WHITE SALMON — White Salmon Valley Pool Metropolitan Park District officials, who are overseeing the pool replacement project, met with White Salmon's mayor and city council to discuss a possible city investment into the pool project.
The special meeting between the White Salmon Valley Pool Metropolitan Park District (WSVPMPD) and White Salmon City Council, held Oct. 27, featured a presentation and short discussion between the two governing bodies.
Pool officials will also soon be meeting with Bingen City Council as well as the Klickitat County Board of Commissioners to seek further public investment in the project.
“We’ve certainly expressed our support of the pool, obviously questions about funding have come forward, so we’re eager to hear what that funding plan looks live and give our council a chance to hear from commissioners what they envision that path forward looks like and how the city might be able to contribute,” Mayor Marla Keethler said.
History of pool project
Efforts to replace the former White Salmon City Pool, which opened in the 1930s and was operated by the city, began in earnest in 2010, with the creation of a special purpose district, approved by voters, the Mt. Adams Parks and Recreation District (MAPARD). MAPARD ordered the creation of a feasibility study, funded by donations, which provided two options for the construction of a new pool, and a later donation-funded feasibility study performed by contractors through the city found that it was not feasible to replace the pool at its current location. Those studies, combined with a later operational study which analyzed maintenance and operation costs in conjunction with potential programming, were used in the creation of the pool’s current plan, von Mosch said.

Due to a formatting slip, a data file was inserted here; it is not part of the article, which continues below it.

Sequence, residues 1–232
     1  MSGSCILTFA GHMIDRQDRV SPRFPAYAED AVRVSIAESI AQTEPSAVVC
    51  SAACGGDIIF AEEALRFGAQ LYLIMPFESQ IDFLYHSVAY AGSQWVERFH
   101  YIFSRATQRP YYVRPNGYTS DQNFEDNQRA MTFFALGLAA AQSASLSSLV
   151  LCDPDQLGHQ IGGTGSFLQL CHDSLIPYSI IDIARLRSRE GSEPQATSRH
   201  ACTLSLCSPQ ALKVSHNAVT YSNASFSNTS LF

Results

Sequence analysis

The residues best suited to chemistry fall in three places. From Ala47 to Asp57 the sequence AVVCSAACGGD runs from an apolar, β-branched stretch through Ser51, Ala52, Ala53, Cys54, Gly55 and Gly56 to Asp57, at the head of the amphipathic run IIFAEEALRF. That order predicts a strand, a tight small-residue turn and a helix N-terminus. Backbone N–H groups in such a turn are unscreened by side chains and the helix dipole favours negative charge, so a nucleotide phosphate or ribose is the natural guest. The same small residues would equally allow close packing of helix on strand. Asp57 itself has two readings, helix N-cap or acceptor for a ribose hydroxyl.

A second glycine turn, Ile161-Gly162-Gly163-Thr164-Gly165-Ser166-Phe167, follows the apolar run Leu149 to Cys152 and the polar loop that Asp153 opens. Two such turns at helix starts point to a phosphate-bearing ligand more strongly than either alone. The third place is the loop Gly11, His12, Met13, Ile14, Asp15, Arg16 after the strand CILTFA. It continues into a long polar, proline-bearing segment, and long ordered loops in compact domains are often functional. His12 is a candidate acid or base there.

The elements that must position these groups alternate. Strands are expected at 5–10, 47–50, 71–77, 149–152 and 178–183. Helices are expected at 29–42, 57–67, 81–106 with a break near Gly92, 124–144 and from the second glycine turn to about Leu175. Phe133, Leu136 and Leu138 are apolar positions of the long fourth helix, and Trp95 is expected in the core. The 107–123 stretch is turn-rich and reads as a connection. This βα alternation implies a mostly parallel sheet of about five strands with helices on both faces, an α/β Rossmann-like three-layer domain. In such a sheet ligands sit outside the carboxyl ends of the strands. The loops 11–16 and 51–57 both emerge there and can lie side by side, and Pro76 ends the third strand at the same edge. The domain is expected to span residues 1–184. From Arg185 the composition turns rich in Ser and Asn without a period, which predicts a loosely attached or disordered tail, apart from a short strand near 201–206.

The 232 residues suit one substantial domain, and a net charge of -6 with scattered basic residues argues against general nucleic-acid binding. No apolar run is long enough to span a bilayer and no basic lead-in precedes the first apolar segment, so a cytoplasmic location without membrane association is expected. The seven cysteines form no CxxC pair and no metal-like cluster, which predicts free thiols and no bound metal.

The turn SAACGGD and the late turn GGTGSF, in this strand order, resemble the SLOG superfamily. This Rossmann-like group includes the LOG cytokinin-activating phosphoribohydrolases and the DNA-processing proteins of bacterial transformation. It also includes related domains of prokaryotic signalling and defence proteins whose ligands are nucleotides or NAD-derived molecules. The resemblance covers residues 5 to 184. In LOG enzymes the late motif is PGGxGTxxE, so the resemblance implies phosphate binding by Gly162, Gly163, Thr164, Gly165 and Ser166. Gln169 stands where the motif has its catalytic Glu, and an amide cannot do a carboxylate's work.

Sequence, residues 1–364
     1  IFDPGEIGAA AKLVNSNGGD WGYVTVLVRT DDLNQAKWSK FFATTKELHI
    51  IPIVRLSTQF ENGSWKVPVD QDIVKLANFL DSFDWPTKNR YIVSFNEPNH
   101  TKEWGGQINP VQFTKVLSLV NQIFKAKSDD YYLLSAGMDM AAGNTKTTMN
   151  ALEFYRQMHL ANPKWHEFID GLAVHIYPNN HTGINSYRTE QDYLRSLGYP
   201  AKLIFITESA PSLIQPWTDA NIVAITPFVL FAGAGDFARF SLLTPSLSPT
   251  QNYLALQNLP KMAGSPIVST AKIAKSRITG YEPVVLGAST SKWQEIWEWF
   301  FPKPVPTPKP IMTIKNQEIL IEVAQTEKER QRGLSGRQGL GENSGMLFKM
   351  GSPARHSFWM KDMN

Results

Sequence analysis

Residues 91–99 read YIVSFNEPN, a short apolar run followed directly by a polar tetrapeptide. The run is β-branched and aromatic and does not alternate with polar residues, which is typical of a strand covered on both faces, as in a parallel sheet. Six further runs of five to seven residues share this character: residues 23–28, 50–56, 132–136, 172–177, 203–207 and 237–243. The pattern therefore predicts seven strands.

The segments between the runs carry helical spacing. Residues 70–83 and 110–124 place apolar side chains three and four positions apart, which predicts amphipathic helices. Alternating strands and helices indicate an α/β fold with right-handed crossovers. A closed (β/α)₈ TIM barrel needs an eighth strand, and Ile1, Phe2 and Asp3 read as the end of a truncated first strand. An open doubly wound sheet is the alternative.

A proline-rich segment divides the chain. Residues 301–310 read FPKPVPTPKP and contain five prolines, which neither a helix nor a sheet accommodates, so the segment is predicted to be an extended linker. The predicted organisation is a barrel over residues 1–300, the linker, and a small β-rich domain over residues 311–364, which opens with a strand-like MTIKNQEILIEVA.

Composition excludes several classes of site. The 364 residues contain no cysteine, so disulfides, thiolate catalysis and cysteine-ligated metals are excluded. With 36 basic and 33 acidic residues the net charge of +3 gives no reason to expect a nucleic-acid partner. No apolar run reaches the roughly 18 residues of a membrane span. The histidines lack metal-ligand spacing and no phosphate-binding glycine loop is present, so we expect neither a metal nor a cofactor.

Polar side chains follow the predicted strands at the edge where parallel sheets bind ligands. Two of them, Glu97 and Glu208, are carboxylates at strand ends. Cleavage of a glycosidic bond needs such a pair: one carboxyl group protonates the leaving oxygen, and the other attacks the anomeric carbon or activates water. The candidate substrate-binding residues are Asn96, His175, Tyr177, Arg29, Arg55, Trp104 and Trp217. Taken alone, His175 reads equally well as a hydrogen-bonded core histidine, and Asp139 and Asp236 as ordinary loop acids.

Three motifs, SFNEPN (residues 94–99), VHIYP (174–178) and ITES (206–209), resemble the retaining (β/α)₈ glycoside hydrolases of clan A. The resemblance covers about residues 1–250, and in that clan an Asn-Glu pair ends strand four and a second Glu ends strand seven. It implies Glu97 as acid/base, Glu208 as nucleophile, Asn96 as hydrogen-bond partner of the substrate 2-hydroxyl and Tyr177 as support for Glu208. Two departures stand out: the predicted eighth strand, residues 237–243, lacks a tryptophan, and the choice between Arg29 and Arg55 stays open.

A levy ballot measure to sustain MAPARD’s efforts failed, and later, voters approved the creation of the WSVPMPD with a perpetual levy in 2018. Councilor Jason Hartmann added that the reasoning behind the creation of the district was in part to double the tax base as a boost to replacement efforts.
“Eight years of effort brought us to the formation of the pool district in 2018 and the actual kick off of building the pool park district,” Von Mosch said.
The pool officially closed to the public in May of 2019.
Volunteer effort as well as a grant from Klickitat County supported the small district in the very beginning. In 2020 the district received the first batch of funding from the voter-approved levy. That year the district obtained a lease on an empty lot near the school district’s bus barn on Loop Road, which they determined was the most feasible site for the pool.
A comprehensive plan and conceptual plan, done all through volunteer labor, was conducted by WSVPMPD which helped guide design discussions. The district also received a waiver from the state to fund a construction management/general contractor.